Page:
Someone is Selling Transcendental Politics this Election Season

Dr. Munr Kazmir
5 min readDec 22, 2019

And it isn’t Democrats.

A member of the audience stands to watch President Donald J. Trump address his remarks Saturday, Dec. 21, 2019, at Turning Point USA’s 5th annual Student Action Summit at the Palm Beach County Convention Center in West Palm Beach, Fla. (Official White House Photo by Shealah Craighead)

When politicians are engaged in a fierce campaign competition against their political opposition in a fight to career death, they go ahead and reach for the stars. There is a very good reason for this.

Voters love that sort of thing, as any politician worth his salt knows.

Millions of people play the lottery, after all; because hope springs eternal. After the election, voters know, it’s always time to come back down to earth. Just like lotto players who know in their hearts that their next scratch-off isn’t likely to net them millions, voters know their favorite candidate is likely to disappoint them.

Just like they know their “lesser of two evils” candidate is almost contractually obligated to disappoint them even more.

President Donald J. Trump addresses his remarks Saturday, Dec. 21, 2019, at Turning Point USA’s 5th annual Student Action Summit at the Palm Beach County Convention Center in West Palm Beach, Fla. (Official White House Photo by Shealah Craighead)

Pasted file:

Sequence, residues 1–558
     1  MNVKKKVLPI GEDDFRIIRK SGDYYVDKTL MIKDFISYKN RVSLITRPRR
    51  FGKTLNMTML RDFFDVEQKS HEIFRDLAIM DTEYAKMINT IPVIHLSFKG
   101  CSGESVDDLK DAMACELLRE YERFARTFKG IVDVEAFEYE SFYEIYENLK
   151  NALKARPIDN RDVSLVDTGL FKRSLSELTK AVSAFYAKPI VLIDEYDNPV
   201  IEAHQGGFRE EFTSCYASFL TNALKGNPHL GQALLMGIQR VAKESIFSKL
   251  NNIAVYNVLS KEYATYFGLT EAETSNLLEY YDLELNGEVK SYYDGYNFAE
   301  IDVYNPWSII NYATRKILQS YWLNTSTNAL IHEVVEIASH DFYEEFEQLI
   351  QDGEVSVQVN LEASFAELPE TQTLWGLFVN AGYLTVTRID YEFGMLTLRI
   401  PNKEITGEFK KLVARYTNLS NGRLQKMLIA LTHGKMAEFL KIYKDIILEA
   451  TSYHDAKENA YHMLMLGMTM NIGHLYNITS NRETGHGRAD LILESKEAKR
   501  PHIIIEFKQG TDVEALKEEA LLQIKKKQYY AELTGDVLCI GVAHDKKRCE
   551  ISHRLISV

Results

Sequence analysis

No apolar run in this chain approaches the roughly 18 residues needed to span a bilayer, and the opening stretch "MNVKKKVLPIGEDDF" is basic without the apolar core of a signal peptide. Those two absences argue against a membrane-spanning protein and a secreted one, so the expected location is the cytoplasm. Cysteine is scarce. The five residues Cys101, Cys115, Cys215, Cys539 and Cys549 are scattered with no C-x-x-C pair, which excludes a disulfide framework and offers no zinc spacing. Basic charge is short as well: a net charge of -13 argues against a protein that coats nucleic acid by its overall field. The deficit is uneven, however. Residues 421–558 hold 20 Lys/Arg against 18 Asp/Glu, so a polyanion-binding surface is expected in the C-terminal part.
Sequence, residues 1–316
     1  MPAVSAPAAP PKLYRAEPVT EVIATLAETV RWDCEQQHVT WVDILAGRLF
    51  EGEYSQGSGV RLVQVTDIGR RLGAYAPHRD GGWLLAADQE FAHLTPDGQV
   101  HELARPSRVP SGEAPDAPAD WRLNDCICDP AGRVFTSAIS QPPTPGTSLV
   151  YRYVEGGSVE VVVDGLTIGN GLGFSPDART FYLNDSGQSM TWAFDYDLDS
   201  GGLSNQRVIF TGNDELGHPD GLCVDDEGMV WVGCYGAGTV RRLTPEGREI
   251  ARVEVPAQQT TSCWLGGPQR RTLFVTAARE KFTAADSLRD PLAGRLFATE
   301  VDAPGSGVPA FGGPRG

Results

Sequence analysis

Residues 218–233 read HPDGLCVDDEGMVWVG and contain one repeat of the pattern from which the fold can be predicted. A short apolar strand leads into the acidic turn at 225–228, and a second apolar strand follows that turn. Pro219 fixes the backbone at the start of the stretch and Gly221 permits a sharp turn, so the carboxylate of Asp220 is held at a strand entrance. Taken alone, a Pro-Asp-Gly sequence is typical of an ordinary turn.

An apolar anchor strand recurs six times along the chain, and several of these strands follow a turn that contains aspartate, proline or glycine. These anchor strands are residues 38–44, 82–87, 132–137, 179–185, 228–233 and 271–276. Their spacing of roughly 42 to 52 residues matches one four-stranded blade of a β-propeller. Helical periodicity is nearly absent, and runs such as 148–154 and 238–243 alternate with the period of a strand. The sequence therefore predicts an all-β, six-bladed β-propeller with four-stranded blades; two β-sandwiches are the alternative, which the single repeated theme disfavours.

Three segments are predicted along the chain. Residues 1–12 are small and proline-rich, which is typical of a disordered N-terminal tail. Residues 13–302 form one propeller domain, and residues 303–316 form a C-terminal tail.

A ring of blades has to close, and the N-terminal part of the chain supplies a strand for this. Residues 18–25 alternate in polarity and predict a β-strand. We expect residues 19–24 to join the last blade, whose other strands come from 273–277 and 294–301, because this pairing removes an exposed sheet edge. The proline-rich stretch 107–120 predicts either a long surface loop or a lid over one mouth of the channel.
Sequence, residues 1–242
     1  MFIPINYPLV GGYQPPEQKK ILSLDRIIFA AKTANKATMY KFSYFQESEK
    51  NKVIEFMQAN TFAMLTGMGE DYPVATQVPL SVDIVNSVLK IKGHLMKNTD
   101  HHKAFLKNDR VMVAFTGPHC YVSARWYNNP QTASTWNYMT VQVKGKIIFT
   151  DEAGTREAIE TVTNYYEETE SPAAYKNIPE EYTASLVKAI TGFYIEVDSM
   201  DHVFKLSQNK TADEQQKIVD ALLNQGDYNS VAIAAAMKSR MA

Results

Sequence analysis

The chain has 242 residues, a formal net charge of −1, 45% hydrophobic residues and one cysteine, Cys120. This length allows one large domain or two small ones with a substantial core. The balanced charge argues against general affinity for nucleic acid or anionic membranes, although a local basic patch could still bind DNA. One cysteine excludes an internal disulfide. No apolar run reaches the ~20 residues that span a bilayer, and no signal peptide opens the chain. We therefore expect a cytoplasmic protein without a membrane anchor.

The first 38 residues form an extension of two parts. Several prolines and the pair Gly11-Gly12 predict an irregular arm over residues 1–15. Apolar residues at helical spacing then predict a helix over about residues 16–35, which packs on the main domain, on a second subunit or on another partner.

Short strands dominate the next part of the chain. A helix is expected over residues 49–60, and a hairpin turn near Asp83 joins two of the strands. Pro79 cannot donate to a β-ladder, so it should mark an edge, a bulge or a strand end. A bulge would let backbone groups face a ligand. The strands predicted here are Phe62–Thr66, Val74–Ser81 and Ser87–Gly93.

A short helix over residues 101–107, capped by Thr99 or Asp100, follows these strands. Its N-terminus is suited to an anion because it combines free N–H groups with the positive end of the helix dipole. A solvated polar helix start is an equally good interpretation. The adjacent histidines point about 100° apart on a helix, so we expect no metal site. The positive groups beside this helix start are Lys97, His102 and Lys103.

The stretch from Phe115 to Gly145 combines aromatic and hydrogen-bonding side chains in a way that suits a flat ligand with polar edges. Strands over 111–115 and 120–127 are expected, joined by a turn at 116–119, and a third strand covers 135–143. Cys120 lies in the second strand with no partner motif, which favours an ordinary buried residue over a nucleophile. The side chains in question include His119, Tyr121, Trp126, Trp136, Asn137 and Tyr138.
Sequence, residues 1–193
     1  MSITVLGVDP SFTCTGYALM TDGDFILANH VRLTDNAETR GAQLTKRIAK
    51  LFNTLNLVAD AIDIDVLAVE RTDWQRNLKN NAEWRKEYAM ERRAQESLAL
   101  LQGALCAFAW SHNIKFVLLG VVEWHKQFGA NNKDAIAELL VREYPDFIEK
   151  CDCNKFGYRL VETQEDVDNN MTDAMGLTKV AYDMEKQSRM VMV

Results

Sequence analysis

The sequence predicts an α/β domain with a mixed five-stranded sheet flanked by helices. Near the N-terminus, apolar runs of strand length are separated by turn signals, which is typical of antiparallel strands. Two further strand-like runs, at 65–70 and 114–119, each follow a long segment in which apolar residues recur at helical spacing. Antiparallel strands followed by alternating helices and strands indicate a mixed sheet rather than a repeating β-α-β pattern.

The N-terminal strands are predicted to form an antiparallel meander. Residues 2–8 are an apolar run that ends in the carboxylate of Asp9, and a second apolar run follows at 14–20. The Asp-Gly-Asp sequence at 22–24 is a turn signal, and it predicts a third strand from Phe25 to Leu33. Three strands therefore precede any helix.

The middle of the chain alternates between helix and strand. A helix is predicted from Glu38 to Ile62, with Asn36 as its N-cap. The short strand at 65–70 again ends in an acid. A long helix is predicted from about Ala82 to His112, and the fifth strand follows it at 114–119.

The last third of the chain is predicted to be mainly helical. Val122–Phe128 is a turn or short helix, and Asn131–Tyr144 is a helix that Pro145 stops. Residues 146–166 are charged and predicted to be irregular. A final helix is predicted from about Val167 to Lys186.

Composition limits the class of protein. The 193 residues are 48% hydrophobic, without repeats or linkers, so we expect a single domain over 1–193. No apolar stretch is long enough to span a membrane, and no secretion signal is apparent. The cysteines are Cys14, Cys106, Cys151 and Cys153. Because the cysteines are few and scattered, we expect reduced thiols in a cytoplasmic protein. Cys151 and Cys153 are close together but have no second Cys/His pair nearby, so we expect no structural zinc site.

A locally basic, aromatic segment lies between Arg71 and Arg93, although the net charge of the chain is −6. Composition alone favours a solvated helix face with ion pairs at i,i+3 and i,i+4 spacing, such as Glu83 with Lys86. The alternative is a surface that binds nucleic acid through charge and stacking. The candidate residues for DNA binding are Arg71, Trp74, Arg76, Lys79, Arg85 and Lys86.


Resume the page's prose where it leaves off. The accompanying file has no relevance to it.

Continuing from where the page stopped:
Each and every person elected to higher office arrives with a certain set of skills, including the ability to sell pure blue-sky promises that have been broken a million times before by a million other politicians- somehow- for campaign donations. Most have a communication style at least charismatic enough to get themselves elected.

Meaning? Everyone in the political field elected to higher office can talk a good game; they wouldn’t be there otherwise. Anyone can wax poetic about everything they would fix about America if they ruled the world, for a change.

Of those, few have the intestinal fortitude for politics; the campaign trail is grueling, the pressure is enormous, it requires great sacrifice of time, money and privacy. Fewer people still have the unique set of personal and professional skills necessary to be a successful lawmaker. Even fewer care to hold public office for fear of the scrutiny such a position would invite into their personal lives.

Of those left, the ability of convince people of things they really ought to know better than to believe is that essential “It” factor, that final nebulous element that separates the Spiro Agnews from the John F. Kennedys.

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